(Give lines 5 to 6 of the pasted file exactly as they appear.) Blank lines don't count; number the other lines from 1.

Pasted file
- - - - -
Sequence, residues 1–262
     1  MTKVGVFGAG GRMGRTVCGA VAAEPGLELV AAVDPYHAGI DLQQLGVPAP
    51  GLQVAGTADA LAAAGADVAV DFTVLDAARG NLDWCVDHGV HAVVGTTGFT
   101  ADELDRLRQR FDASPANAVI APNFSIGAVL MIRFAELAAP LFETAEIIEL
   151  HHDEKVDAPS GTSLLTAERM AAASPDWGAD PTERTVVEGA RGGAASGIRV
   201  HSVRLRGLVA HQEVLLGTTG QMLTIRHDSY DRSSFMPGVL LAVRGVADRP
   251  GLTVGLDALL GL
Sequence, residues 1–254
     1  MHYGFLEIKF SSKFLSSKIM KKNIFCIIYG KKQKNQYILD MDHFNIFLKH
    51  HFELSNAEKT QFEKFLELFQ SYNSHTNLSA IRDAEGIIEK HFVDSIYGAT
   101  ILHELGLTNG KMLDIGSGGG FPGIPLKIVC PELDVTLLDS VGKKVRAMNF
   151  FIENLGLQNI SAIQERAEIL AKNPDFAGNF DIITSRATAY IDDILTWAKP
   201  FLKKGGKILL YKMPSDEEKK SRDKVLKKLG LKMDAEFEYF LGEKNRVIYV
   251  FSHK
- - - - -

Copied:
   151  HHDEKVDAPS GTSLLTAERM AAASPDWGAD PTERTVVEGA RGGAASGIRV
   201  HSVRLRGLVA HQEVLLGTTG QMLTIRHDSY DRSSFMPGVL LAVRGVADRP